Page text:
HONG KONG: Hong Kong proposed a vacancy tax on empty new homes on Friday in an attempt to discourage developers from hoarding, but analysts expect the measure to have little impact on prices in the world’s least affordable property market.
The tax, at 200 % of a newly built unit’s rateable value, which is the estimated annual rental value of a property, will need to be approved by the city’s Legislative Council, Chief Executive Carrie Lam said.
The policy will not be applied on resold flats.
Hong Kong has one of the least affordable housing markets in the world and private home prices have been on a record-breaking run for 19 consecutive months, fuelling discontent among residents.
Under the proposed measure, developers would have to report the status of their new flats to the government annually, and the additional tax would be slapped on flats that had been left vacant for six out of the past 12 months.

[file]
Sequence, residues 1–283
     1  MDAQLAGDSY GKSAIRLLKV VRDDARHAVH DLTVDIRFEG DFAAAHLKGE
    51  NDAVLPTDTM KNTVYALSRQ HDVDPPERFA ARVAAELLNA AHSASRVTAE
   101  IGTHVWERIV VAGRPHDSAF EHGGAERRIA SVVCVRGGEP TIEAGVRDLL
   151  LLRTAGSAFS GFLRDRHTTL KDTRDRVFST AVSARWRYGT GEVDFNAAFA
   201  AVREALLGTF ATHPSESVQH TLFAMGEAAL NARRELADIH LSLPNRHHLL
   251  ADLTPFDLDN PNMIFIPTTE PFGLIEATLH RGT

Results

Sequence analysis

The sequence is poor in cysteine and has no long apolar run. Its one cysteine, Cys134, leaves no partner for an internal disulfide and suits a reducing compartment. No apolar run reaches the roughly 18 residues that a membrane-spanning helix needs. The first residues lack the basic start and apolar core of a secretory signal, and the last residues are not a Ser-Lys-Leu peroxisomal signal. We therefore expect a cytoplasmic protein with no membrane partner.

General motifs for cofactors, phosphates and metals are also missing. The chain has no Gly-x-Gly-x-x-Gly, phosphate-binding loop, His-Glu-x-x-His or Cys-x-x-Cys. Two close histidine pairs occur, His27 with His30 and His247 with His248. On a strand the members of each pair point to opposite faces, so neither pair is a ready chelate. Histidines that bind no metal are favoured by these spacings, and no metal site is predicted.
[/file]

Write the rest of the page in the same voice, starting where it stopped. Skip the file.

Lam said the property market currently has at least 9,000 empty new flats, including some that were completed five years ago.
“Today, when the housing supply is so tight and the demands for ownership are so strong, it is hard to understand why so many flats are left empty,” she said.
Lam also said the government would modify a Pre-sale Consent Scheme so that developers would have to push out at least 20 percent of their flats during pre-sales.
“In recent years we see flats are sold in the way toothpaste is squeezed out of the tube,” Lam said. “This will be unacceptable in the future.”
The government said nine plots of land previously allocated for private homes would now be used for public housing.
A vacancy tax could be a double-edged sword for the housing market, according to property consultancy JLL.
“Developers may consider funnelling the additional costs to buyers to offset the vacancy tax, leveraging on the strong levels of demand in the market,” Ingrid Cheh, associate director of research department at JLL, said this week. ( Editing by Anne Marie Roantree & Shri Navaratnam)